Below is my IR for the Soto stove. I worked really hard not to be verbose, but I'm feeling like in the process I missed something important, so please let me know if I did! HTML can be found at http://tinyurl.com/CurrySotoIR
Mike SOTO WINDMASTER OD-1RX STOVE TEST SERIES BY MIKE CURRY IR August 30, 2013 TESTER INFORMATION NAME: Mike Curry EMAIL: thefishguy AT hotmail DOT com AGE: 43 LOCATION: Aberdeen, Washington GENDER: M HEIGHT: 5' 11" (1.80 m) WEIGHT: 190 lb (86.20 kg) I've been backpacking, climbing, ski-packing, bushwhacking, and snowshoeing throughout the mountains of Oregon and Washington for over 25 years. I'm an all-season, all terrain, off-trail kind of guy, and enjoy everything from casual hikes with my children to mountaineering and alpine rock climbing in the Pacific Northwest. While I've carried packs (with winter climbing gear) in excess of 70 pounds (32 kilos), the older I get the more minimalist I become. INITIAL REPORT PRODUCT INFORMATION & SPECIFICATIONS <<IMAGE GOES HERE. ALT TEXT = "IMAGE 1" IMAGE CAPTION = "WindMaster Stove (optional 4Flex pot support upper left)">>Manufacturer: Soto Year of Manufacture: 2013 Manufacturer's Website: <<HYPERLINK GOES HERE - "http://www.sotooutdoors.com/"
LINK TEXT = "http://www.sotooutdoors.com/"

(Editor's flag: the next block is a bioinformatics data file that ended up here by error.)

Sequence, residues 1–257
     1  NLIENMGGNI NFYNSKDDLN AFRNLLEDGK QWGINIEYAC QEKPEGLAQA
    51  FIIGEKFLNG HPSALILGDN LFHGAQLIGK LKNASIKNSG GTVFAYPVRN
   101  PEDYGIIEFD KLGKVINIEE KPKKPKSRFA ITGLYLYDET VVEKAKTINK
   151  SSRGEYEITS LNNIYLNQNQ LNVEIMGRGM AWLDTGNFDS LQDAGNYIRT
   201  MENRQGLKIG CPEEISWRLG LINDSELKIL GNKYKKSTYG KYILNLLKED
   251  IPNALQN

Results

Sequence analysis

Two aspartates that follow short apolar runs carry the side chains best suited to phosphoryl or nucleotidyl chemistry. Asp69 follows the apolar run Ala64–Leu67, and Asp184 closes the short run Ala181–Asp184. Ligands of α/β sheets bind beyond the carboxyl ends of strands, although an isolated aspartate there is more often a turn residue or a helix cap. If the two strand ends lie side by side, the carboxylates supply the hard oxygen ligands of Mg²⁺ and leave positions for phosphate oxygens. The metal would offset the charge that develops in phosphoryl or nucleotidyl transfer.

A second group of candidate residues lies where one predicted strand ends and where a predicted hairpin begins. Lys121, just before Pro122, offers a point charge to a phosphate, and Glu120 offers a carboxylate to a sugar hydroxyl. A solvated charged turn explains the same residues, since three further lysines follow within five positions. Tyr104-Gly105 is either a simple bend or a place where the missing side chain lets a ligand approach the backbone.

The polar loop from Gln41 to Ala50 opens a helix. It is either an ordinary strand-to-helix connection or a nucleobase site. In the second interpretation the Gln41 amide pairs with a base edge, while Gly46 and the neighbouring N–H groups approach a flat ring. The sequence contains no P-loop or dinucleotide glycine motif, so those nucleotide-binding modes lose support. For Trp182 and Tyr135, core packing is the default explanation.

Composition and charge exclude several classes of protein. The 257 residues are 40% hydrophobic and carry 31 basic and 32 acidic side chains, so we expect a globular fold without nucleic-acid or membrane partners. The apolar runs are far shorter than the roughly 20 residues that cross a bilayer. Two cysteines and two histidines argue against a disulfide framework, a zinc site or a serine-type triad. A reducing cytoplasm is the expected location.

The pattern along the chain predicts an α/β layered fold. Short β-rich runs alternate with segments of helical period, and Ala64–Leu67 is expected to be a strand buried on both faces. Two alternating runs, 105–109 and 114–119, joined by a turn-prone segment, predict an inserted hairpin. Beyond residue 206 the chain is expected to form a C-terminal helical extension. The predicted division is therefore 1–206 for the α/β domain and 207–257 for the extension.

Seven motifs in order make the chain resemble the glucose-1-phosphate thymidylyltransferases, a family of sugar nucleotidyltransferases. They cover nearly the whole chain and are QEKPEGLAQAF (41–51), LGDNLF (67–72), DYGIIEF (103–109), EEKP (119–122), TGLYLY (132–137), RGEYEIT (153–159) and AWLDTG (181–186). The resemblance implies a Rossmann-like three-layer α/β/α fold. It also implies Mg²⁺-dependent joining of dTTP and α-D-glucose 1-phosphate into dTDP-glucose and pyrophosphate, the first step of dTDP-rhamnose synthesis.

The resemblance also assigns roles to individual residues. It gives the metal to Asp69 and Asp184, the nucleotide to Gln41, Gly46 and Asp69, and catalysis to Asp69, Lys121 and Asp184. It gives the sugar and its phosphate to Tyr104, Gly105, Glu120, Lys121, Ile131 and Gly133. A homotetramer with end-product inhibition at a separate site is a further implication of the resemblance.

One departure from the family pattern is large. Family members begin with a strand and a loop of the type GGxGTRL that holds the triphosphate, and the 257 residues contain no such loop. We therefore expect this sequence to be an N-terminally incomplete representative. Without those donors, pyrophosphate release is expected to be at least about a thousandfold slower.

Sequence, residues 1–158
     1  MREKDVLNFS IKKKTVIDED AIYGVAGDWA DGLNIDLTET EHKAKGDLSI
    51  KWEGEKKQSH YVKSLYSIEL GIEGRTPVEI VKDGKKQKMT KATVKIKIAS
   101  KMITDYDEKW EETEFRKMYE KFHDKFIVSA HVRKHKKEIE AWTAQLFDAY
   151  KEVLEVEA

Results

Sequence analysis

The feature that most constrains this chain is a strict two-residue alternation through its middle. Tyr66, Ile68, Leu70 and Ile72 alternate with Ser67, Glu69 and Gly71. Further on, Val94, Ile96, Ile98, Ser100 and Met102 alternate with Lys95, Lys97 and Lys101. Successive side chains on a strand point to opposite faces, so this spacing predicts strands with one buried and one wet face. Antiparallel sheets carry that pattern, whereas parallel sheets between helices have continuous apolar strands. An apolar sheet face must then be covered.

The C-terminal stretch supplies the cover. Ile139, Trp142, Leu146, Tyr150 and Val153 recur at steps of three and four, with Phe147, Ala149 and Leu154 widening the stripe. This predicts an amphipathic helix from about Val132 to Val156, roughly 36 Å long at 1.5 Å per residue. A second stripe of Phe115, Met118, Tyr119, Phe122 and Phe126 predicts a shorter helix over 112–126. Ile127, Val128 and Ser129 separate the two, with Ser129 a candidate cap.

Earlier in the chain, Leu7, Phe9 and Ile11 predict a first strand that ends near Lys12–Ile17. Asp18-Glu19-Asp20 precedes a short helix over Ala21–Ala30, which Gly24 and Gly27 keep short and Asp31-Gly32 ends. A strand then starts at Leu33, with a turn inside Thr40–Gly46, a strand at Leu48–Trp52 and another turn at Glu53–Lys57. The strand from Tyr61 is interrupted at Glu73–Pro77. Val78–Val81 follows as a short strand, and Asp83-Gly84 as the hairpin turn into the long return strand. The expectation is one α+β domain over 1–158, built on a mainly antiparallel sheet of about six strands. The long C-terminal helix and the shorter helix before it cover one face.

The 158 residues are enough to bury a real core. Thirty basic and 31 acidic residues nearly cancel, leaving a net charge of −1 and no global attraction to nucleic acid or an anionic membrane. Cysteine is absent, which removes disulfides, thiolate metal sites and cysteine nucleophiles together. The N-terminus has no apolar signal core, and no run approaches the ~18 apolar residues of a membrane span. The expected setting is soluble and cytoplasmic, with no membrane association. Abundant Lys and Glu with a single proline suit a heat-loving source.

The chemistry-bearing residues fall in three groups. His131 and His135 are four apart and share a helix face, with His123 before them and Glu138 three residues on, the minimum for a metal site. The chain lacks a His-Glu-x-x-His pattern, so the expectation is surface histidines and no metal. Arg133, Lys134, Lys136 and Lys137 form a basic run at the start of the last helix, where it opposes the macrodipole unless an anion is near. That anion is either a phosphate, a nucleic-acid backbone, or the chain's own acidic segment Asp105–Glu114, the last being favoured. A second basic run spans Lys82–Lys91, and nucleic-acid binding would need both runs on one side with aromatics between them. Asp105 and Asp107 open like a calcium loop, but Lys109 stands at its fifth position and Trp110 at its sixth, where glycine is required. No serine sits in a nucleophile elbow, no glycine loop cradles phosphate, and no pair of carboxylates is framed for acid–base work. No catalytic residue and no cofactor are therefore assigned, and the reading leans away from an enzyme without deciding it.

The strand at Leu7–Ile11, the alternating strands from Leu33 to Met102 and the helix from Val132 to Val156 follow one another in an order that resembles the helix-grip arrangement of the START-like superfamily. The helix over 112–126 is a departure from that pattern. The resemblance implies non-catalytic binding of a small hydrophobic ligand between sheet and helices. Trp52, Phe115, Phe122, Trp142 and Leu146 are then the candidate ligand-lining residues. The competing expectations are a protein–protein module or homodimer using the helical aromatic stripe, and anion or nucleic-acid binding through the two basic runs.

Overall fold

>> MSRP: None listed Listed Weight: 2.3 oz (67 g) (with Tri Flex 3-prong pot support) Measured weight: 2.3 oz (67 g) Measured stove weight: 2.1 oz. (60 g) Measured Tri Flex 3-prong pot support weight: 0.2 oz (6 g) Optional larger 4Flex pot support listed weight: 1 oz (27 g) Optional 4Flex pot support measured weight: 0.9 oz (26 g) INITIAL IMPRESSIONS The Soto WindMaster OD-1RX stove arrived in its retail packaging. Upon opening, I found inside the stove, a small stuff-sack, the TriFlex 3-prong pot support, and and instruction sheet. The stove is appears very well-made. The bottom half of the stove appears identical to the original Soto OD-1 stove (which I also tested), and seems to be well-designed out of well-cast and machined components. The upper half appears equally well made, and looks much like the OD-1 stove only with a longer stem section and the black perforated top is concave instead of convex, and no attached pot supports. The Tri-Flex pot support slides onto the burner, and appears to be made of a spring steel material. A built-in clip allows it to be stored almost flat, and when released it springs open, ready to snap onto the stove. The optional 4Flex pot support is hinged and spring-loaded, and clips onto the burner. Support arms on the top flip outward, and the entire support feels very well-made and tooled. The instructions with it state it is made of stainless steel. My initial impression is that this is a very well-made stove with great attention to detail in construction. READING THE INSTRUCTIONS <<IMAGE GOES HERE. ALT TEXT = "IMAGE 2" IMAGE CAPTION = "WindMaster Stove with Tri Flex pot support attached">>The instructions included both words and pictures. About half the total instruction sheet area was dedicated to warnings and cautions. While the warnings and cautions were pretty standard for stoves ("Keep the stove away from the reach of children" and "Accessible parts may be very hot," for example) there was one that caught my eye, warning to always carry matches or a lighter as a backup for the Piezo ignition system since "changes in pressure at high altitudes may cause difficulty" with the system. I don't recall having heard this, and look forward to seeing if I encounter any such problems. A small sidebar gives instructions for high-altitude starting, which essentially say to move it out of the wind and release a small amount of gas, then ignite the stove. The instructions were clear and well written, address cleaning and maintenance, and were easy to understand. The optional 4Flex support had separate instructions included with it that were equally straightforward and understandable. TRYING IT OUT I have to admit that I couldn't wait to slap this stove on a canister and fire it up. The original Soto OD-1 stove is my favorite stove for backpacking and climbing, and I've used it almost exclusively over the past several years. The only thing I've ever wished could be better is its performance in the wind, so when the WindMaster OD-1RX came out, I couldn't wait to give it a try! Attaching the TriFlex pot support is very straightforward and intuitive. Slipping one side of the support out from under the retainer clip allows it to spring over, and it slides over the head of the stove with a firm tension. Screwing the stove onto a canister is simple, and the well-machined threads make it easy. Igniting the stove is a simple process of pressing the Piezo igniter repeatedly while turning on the fuel by turing the adjustment knob (which is a loop of metal wire that folds out for use and in for storage) counter-clockwise. The Piezo igniter produced a robust spark each time it's pressed, and ignition was a snap. <<IMAGE GOES HERE. ALT TEXT = "IMAGE 3" IMAGE CAPTION = "Tri Flex support closed for storage">>The flame output on the stove is easily adjusted to almost invisible and barely there to a remarkably substantial flame. The optional 4Flex pot support does create a substantially larger support surface, and it is very easy to attach as well. It can be stored around the stem of the stove to save space. SUMMARY The Soto WindMaster OD-1RX stove appears to be a very well-made stove that is lightweight, compact, and easy to use. I look forward to testing it in the field. I would like to thank BackpackGearTest.org and Soto for the opportunity to test the Windmaster OD-1RX stove. My field report will be appended to this report in approximately two months. Please check back at that time for additional information. This concludes my Initial report. This report was created with the BGT Report Generator. Copyright 2013. All rights reserved.